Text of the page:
I’ve pretty much held back from ranting, as I didn’t want to fuel the fire. When the NEHW post that started this whole thing began, I typed out several nasty replies, but deleted them, because I hate drama and just thought that what was at the time a few snarky comments wasn’t worth it. When I woke up the next day, the whole thing had gone nuclear, and the threads had been deleted. It wasn’t hard to figure out what happened next, since it’s now all over the writing world.
I have to say my piece, since some of the comments coming from Angry Writer were directed at me. At least, the initial comments. Now the thing has spread to include pretty much all women horror writers, goth writers, bald writers, and tattooed writers, whoever doesn’t fit the proper image, I guess. I’m one of the handful of writers in the Maine writing groups that Angry Writer initially bashed. I was part of the library reading that was mentioned in another snarky post. I was one of seven writers at another reading that he also made rude comments about. And yeah, the bad perm comment? That was pretty clearly directed at me. Yep, I’m a curly girl, and I battle frizz. The comment about horror writers that dabble in witchcraft? I have no idea who that one was meant for, but I’m quite obviously pagan so there’s a good chance that one was also pointed at me. Whether it was or wasn’t, I take issue with that as well. And don’t even get me started on the hag comments.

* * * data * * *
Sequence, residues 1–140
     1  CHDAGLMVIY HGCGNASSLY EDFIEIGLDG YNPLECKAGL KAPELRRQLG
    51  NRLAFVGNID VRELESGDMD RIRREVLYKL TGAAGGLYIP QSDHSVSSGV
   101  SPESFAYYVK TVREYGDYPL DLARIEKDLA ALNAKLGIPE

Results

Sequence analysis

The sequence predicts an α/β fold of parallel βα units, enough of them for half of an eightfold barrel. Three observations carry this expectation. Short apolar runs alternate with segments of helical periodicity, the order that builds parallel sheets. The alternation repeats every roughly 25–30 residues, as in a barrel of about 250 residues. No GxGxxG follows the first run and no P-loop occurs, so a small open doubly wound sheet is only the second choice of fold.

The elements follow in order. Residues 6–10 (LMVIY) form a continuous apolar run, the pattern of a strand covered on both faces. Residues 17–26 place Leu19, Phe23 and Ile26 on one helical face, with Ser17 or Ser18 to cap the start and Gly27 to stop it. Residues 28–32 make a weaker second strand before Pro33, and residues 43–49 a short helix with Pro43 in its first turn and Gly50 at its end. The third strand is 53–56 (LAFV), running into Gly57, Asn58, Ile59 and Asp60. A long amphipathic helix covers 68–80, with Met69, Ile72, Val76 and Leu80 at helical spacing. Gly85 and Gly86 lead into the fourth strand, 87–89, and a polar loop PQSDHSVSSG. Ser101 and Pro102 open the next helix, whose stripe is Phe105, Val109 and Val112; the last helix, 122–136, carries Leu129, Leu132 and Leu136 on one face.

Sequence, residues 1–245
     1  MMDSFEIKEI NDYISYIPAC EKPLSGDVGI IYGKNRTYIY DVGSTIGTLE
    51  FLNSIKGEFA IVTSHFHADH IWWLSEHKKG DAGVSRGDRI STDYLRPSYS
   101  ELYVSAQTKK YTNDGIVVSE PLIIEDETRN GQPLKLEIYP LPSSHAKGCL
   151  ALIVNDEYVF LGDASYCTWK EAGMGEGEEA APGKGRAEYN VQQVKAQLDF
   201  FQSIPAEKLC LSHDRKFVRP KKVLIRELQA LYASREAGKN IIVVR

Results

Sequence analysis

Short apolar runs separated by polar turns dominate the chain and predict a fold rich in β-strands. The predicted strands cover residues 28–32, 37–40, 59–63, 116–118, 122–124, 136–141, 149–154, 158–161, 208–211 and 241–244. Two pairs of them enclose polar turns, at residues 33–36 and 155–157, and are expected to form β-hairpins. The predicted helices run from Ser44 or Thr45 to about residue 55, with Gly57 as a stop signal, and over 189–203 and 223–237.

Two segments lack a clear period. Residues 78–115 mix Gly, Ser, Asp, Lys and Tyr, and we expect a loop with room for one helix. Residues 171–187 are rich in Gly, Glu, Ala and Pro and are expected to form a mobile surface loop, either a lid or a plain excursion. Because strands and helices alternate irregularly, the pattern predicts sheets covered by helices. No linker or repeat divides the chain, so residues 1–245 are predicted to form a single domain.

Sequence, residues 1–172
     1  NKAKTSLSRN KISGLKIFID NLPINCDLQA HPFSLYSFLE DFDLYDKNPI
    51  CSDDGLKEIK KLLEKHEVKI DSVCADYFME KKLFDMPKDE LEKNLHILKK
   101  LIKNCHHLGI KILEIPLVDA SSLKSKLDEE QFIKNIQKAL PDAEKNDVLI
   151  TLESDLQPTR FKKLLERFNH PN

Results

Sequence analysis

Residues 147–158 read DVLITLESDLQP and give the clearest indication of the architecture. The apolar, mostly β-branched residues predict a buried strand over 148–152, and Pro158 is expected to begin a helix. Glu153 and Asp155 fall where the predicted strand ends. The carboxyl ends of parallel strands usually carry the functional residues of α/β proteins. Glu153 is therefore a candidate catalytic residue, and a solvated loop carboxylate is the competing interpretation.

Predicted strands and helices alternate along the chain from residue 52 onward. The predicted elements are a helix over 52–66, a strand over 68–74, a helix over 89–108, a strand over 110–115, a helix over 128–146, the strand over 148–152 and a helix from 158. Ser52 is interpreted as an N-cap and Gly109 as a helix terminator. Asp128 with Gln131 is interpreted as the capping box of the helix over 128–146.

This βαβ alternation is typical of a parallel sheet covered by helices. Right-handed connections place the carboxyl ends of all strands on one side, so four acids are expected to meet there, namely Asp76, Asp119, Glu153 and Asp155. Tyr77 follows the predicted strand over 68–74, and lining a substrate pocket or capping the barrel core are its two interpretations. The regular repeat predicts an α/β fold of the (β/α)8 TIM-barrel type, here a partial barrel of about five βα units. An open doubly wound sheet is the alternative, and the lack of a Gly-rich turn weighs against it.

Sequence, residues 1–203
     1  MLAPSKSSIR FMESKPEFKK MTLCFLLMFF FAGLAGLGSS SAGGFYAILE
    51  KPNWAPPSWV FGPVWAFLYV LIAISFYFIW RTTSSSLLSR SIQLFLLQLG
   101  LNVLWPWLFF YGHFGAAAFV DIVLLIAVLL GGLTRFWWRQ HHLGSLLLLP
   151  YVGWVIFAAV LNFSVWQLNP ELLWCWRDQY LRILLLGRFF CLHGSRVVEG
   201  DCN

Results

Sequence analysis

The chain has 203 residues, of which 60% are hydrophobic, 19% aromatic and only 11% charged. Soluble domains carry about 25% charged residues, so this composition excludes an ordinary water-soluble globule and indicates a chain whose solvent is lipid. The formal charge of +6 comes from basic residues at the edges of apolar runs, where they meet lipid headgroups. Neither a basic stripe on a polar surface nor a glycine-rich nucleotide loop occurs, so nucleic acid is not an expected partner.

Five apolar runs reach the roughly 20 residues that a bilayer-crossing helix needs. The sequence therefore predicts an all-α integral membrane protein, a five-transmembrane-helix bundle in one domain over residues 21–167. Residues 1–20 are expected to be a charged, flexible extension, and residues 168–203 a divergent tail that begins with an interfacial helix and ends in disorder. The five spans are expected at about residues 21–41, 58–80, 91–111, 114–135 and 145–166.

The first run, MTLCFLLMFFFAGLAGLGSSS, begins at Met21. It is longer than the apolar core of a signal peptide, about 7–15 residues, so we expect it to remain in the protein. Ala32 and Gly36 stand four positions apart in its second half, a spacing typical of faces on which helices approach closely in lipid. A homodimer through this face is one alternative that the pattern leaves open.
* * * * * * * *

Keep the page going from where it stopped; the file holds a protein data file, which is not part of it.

So now we have publishing credits, library readings, another reading, sex, appearance, religion, hairstyle, tattoos, and subculture in the mix of things being thrown out against us.
Many of the comments directed at us were very rude, extremely insulting, and in some cases flat out lies. The above-mentioned comments were nothing short of cruel. But the ones that really pissed me off were the insinuations that we were/are some sort of wannabe, talentless hacks.